Well craft beer fans, another week is in the books, and there was a whole crop of interesting news. From Fat Head’s handing out hop plants to Ohio passing craft beer legislation that didn’t sit well with Anheuser-Busch InBev. Friday is the day when the Craft Brewing Business (CBB) crew kicks back with a craft beer and talks craft beer industry headlines. Let us know what craft beer headlines caught your attention this week and sound off on what beer you’re excited to enjoy this weekend in the comments below.
Jason Morgan, editor:
One word: Pouches. In Connecticut, lawmakers are considering a bill that allows beer and malt beverages to be sold in pouches. We reported on this yesterday and I still can’t get over it. POUCHES! Like a Carpi Sun! What would craft beer be like in pouches? Would I struggle to open it with that flimsy straw and spill it all over myself? What is the pouch beer benefit? I foresee a future CBB packaging feature story. Pouches!
Craft choice: Three Floyds Brewing Co. Zombie Dust
Chris Crowell, editor:
One word: Pouches. Just kidding. One word: Cans. Feels like this is this is the unofficial year of the can with a plethora of prominent breweries deciding to launch a new canned brand or repackage a staple and get it in more places. That was a big factor in writing this feature on mobile canning. As the industry starts to implement aluminum packaging at a rapid pace, for a variety of reasons, today’s growing brewer needs to know about all of the tools and strategies that could help facilitate that growth or spur on a new idea within a reasonable budget. That’s a fancy way of saying here’s a story about a company that has trucks that will put beer in cans for you – might help.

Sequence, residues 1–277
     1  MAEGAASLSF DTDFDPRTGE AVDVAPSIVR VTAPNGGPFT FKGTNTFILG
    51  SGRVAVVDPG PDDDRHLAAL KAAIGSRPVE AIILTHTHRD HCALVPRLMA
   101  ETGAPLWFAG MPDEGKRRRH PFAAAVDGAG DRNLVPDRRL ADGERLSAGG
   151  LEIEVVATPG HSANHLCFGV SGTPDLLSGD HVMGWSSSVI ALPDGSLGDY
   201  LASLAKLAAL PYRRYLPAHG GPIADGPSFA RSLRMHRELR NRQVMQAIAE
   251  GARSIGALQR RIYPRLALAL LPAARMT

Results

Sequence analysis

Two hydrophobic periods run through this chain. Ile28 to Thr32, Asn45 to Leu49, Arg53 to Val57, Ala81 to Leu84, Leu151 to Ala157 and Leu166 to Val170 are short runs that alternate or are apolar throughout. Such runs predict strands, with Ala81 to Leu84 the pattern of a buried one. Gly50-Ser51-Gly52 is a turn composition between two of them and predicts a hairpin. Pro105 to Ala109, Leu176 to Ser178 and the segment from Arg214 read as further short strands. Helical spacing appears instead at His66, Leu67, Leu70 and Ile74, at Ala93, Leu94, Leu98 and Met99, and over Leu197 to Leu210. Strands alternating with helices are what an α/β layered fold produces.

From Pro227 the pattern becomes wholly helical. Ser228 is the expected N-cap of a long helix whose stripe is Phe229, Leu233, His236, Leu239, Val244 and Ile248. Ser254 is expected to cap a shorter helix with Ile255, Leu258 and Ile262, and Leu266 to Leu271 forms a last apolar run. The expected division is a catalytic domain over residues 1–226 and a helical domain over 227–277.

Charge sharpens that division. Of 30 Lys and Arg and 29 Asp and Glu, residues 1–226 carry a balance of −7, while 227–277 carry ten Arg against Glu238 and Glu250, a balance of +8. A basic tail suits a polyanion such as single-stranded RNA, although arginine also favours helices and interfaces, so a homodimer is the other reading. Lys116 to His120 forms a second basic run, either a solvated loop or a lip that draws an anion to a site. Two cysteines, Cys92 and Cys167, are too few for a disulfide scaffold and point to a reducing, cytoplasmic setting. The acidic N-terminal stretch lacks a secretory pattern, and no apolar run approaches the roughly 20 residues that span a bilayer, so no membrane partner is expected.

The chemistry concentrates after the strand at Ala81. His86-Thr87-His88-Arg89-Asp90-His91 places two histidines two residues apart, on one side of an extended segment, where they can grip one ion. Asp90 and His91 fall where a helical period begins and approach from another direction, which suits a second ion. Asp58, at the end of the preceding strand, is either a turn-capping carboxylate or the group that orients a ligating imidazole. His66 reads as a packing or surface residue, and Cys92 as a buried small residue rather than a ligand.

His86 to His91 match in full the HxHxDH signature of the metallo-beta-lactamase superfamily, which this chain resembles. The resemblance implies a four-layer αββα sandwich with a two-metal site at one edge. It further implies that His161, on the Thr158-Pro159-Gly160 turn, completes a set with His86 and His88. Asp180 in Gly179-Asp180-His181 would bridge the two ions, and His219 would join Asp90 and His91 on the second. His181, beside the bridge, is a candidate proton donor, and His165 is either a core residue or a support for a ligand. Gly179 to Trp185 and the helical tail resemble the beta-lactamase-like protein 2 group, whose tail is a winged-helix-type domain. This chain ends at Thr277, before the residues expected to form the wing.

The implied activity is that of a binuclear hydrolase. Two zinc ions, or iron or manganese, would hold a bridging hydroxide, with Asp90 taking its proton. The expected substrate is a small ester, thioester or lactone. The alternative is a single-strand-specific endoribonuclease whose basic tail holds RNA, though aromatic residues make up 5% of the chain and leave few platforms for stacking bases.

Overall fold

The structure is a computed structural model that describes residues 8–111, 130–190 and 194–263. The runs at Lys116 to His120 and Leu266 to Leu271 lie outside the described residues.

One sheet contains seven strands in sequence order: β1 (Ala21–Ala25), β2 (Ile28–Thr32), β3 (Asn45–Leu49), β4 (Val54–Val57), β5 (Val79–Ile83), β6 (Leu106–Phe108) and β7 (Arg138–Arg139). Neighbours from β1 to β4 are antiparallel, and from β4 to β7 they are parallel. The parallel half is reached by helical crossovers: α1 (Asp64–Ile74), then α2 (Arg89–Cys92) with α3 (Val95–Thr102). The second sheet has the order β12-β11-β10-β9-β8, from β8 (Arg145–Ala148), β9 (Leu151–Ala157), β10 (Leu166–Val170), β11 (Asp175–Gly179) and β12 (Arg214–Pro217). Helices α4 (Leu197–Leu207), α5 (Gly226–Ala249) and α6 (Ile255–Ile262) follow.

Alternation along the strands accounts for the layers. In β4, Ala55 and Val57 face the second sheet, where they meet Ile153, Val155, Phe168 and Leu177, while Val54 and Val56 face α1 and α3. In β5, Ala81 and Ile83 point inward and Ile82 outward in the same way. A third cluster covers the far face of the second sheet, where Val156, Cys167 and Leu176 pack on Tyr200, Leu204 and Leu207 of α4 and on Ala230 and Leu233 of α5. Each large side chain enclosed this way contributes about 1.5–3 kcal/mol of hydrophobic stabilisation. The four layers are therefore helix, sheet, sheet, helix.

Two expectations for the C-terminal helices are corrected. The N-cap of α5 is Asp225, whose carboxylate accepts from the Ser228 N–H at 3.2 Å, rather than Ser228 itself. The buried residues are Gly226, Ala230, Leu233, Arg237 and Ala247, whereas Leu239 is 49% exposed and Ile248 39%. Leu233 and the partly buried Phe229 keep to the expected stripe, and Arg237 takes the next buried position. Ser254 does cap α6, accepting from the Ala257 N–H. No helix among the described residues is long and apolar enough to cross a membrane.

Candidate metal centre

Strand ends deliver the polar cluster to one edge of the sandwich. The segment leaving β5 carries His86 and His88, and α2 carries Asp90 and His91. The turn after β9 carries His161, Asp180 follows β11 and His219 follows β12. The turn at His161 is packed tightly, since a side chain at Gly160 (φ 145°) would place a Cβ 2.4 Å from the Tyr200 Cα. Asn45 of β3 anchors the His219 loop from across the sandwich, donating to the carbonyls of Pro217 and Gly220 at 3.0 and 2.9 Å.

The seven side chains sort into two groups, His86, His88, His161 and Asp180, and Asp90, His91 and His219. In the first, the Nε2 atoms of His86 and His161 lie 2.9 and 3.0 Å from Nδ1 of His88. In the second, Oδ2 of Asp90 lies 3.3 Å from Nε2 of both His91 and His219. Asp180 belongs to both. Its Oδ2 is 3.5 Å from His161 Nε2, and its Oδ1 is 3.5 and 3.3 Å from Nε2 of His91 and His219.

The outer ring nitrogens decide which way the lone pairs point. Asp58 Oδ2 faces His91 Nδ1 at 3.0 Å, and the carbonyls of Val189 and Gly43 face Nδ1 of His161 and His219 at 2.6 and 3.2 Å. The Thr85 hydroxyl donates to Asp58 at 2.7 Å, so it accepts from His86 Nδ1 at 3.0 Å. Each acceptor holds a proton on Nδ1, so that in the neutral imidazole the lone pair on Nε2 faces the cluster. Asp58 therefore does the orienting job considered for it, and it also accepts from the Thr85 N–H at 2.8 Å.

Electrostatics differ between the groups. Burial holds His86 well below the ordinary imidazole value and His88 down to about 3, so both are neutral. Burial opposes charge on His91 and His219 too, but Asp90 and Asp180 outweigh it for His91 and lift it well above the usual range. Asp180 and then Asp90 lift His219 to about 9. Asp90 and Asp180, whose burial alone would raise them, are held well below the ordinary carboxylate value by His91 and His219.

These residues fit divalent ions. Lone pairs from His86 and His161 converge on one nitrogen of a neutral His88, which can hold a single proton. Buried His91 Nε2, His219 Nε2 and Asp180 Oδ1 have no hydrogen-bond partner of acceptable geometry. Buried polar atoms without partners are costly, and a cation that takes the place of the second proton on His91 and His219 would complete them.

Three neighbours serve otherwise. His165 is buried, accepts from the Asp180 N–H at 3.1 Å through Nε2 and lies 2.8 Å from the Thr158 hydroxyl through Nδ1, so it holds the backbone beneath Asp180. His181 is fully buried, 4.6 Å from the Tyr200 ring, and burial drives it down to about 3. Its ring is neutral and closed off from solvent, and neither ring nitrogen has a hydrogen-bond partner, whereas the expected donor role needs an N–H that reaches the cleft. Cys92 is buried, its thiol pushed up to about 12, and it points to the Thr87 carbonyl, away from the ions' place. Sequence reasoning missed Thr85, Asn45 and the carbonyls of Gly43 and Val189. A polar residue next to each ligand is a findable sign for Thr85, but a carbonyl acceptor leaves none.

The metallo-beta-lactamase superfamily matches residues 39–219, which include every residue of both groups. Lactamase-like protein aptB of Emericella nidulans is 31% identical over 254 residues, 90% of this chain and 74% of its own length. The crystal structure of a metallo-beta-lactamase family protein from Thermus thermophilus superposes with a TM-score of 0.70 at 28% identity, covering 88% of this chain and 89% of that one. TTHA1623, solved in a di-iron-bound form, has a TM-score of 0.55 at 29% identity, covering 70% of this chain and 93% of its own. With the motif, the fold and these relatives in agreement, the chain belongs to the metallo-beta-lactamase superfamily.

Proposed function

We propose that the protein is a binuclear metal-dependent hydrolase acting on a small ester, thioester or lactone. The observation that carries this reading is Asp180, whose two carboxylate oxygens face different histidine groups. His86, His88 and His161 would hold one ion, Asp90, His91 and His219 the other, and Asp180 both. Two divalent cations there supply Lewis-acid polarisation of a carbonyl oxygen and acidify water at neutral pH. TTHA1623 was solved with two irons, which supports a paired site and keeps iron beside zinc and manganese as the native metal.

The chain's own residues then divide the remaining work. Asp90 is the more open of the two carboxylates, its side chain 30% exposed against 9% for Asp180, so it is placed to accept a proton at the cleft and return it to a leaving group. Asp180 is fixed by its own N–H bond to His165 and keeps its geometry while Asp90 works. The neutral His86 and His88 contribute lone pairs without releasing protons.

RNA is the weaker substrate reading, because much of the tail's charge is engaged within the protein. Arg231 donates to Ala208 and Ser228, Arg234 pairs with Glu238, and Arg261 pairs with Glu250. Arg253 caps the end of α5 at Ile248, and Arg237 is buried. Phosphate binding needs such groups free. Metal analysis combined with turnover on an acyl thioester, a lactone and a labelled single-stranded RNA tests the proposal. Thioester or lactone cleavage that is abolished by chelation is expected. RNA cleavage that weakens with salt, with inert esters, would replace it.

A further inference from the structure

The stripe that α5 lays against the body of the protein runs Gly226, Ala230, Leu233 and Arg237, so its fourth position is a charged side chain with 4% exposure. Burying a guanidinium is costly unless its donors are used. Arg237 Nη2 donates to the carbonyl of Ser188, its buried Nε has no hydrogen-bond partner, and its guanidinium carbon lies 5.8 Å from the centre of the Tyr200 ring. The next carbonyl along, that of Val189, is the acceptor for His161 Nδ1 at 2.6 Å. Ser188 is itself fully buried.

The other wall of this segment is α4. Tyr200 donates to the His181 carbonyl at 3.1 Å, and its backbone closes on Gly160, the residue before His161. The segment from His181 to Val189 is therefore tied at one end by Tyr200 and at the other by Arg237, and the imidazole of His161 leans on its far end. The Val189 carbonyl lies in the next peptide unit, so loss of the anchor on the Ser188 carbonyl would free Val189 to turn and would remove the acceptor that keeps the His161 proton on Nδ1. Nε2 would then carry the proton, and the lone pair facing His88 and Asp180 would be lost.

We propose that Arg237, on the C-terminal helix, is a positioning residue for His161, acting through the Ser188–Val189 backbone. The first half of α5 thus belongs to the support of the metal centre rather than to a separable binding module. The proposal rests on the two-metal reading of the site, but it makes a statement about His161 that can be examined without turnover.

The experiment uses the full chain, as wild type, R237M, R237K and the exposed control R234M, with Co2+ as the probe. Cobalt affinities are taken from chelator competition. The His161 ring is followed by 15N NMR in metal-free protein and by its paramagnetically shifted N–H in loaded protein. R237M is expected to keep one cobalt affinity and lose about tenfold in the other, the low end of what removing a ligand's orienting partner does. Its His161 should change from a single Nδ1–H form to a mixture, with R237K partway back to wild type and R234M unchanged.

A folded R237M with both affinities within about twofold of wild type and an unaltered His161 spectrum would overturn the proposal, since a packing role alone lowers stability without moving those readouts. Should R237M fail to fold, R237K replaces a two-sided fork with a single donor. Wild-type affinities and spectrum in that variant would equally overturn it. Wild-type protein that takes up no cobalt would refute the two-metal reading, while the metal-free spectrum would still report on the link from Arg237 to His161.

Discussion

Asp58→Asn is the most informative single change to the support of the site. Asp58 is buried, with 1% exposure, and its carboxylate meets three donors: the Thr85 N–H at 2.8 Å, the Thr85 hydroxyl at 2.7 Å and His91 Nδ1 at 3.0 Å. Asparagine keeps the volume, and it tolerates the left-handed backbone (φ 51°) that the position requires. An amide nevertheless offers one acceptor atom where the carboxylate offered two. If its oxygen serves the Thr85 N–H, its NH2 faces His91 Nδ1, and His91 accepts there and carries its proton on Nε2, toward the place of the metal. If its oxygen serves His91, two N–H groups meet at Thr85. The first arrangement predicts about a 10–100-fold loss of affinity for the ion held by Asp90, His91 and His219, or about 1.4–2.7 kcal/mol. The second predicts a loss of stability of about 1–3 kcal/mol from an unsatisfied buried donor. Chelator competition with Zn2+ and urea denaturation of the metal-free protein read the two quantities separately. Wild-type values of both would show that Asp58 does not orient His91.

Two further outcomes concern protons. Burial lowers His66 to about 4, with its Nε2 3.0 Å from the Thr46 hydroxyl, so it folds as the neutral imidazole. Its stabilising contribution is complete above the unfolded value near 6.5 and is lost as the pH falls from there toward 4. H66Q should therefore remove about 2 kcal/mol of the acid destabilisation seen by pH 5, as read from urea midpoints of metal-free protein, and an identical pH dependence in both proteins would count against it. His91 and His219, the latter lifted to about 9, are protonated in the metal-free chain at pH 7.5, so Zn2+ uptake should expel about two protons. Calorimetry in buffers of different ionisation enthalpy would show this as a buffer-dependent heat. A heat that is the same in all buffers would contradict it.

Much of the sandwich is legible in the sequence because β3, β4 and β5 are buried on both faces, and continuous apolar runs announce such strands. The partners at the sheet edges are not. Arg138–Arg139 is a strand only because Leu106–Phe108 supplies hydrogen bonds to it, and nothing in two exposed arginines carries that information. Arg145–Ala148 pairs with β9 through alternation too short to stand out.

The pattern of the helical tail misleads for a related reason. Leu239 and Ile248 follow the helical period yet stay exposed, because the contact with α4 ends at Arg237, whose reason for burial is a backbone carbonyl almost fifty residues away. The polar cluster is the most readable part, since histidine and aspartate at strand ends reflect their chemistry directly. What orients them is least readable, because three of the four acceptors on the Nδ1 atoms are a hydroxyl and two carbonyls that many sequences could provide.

Craft choice: Laughing Dog India Pale Ale
Sean Wright, developer:
I like when a small business is versatile in how it markets and distributes its product. Breweries use retail stores and distributors because it allows them to reach the largest number of consumers. Shipments of beer through the mail might be another option for specific combinations of breweries and consumers. I can imagine a scenario where a brewery had a limited run of one of its less traditional beers. It would likely try to target a very specific demographic with that product and shipping it to a store shelf where there might or might not be demand could be risky. Allowing the consumer to be the one dictating where the beer was shipped (their home) could end up being a more effective distribution channel. The argument that this would lead to minors ordering beer online doesn’t seem to be any more likely of a scenario than minors using adults to buy them beer at the corner gas station – or using fake IDs or friendly store employees for that matter. Minors don’t want beer in two business days, they want it now! Adults purchasing a high end product who don’t also mind paying shipping charges are the ones who are going to use this method.
It’s a neat idea and I’d like to see what breweries and consumers can do with it.